I’ve heard great things about the Hackfest in Brainerd last weekend. There were five projects helping the local community make better use of technology. The emphasis wasn’t on coding as much as creativity.
Planner John Hamerlinck had some reflections that might be helpful for anyone thinking about hosting a local hack themselves…
I was glad that we did the short reception the night before – more folks seemed ready to hit the ground running. I’m also glad that I made the event website. There were lots of page visits to the Participant Guide page.
A hackfest is turning into a more general term all of the time. It’s like lunch. Not just PB & J anymore. It’s really based on the needs of the community (attendees) and the skills of the folks in the room. Reading through the various projects I hope even more communities can see a how a hackfest might fit into their futures…
The team working on potential technologies to more effectively convey the organization’s message [Sprout, a company that supports the local foods sector] started by looking at the information that is currently available on Sprout’s website, and looking at the sites of similar organizations. They began focusing on relatively simple enhancements to the existing website that could yield immediate benefits.
The team helped identify strategies based on the point of view of both partner farmers as well as potential customers. The list of valuable website enhancements included a adopting a theme with responsive design, so that the site would be mobile friendly. Additional recommendations regarding the site’s navigation categories and enhanced video and image content are under consideration.
A HackFest team that included a Brainerd school district staff member, a high school student, a middle school student, and some HackFest volunteers worked on a solution to this dilemma [reaching students with info when they don’t read email]. The team created the basic design of a platform agnostic administration tool that could push messages to students via Twitter, text messaging, or whatever the student’s preferred platform might be.
The Volunteerize team created a basic framework for the website, and has identified additional considerations that have yet to be worked out. These include identifying a potential host for, and monitor of the site, crafting a marketing plan, and creating strategies to ensure that the platform is not co-opted for other purposes, not endorsed by the owner.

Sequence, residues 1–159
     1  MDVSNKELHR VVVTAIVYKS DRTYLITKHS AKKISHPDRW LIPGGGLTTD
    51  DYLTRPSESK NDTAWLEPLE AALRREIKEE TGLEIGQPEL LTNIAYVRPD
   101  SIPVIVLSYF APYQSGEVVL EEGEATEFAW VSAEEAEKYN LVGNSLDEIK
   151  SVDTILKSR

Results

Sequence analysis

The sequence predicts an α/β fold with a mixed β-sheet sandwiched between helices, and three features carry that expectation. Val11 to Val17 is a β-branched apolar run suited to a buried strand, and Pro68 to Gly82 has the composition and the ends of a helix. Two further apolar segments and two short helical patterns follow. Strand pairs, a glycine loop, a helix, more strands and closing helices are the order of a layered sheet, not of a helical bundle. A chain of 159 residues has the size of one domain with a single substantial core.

- The team working on the Lakes Ignite project created the framework for a useful website that can serve as a central communication hub for the organization. It will complement their existing social media presence by providing features such as:
•An application submission area for meeting with a member of the group
•Top 10 Events per month (+ links to other community calendars)
•A resources page with links to volunteer opportunities, jobs, other networking groups
•And much more
A group of project hackers set out to see how they might create such a resource. They defined the data sets and features they desired. These included things such as exact location, photos, descriptions, type of site, site restrictions, and so on. The team also drilled down on functionality of the desired project, things such as user interface, the ability to create self-defined tours, the ability of users to add or suggest previously unknown sites, and many other features. …
Then along came Field Trip, an existing app, from a reliable developer, which does what they needed. The app pulls from over 100 open databases, so a new strategy started to develop around getting local data into the existing databases (sites like HMdb.org, and OpenBuildings.com) from which the app currently pulls data.